If you are in HR, you’re no stranger to compliance management, forms, and deadlines—though keeping them all in order may be a different story. We want to be sure you are equipped with the right information to keep everything on track throughout the year, from ACA to FLSA.
That is why we put together the HR compliance calendar, to bring you an important list of dates and deadlines you need to know to keep your workplace on track.
In this month’s compliance calendar, you’ll find the key topics to keep your Company up-to-date including employee awareness and
required or recommended training.
|*NEW: Monthly Compliance Calendar Consultations –A monthly webinar with a Compliance Consultant to guide you through HR compliance tasks and topics. Reach out to your dedicated HR Manager to find out how to register for the monthly Compliance Calendar Webinar!|
- Not applicable to HUB100 or GHR Hotline Clients
- Veteran’s Day – November 11th
- Thanksgiving Day – Fourth Thursday in November
Important Dates and Deadlines for this Month
- Daylight Savings Time Ends
EEO-1 Reporting Reminder–
The EEO-1 Component 1 data collection opened on Tuesday, October 31, 2023. The deadline for submitting and certifying the 2022 EEO-1 Component 1 report(s) is Tuesday, December 5, 2023. To meet this deadline, the EEOC strongly encourages eligible filers to begin the filing process ASAP. The 2022 EEO-1 Component 1 Instruction Booklet and FAQs are available in the Forms Library > EEOC & Affirmative Action > 2022 EEO-1 Reporting folder. The EEOC requires electronic submission of EEO-1 Component 1 report(s) through a web-based data collection application (i.e., portal) referred to as the EEO-1 Component 1 Online Filing System (OFS). The Filing System along with additional resources may be accessed at www.eeocdata.org/eeo1.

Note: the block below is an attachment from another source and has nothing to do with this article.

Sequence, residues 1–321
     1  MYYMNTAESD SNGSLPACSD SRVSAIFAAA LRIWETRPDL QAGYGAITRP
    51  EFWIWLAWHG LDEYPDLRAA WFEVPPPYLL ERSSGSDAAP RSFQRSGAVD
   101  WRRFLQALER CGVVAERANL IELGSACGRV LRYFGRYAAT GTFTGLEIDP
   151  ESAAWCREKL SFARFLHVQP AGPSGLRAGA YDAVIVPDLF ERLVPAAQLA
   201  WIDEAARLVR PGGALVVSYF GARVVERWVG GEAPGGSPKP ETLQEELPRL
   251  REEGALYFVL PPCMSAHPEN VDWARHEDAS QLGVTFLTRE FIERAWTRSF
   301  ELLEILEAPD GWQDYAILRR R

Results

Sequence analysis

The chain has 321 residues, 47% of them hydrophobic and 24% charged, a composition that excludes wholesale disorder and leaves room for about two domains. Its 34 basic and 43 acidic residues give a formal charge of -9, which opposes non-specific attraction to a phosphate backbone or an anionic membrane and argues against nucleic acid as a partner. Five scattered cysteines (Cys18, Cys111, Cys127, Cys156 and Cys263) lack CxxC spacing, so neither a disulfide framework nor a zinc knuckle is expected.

Topics to Discuss and/or Review
1. Discuss possible flexible work options for your organization. For clients with access to the Forms Library, references to this section can be found in the folder “Telecommute.” For clients with access to the Forms Library, references to this section can be found in the folder “Telecommute” see the document, “Flexible Working.” Flexible working options include:
- Hybrid Work – This could be a working arrangement where some staff will work on-site, some will work off-site either telecommuting or remote working, and others may choose to work on-site on some days and off-site on others, based on Company policy, Company availability, and the employee’s personal preferences.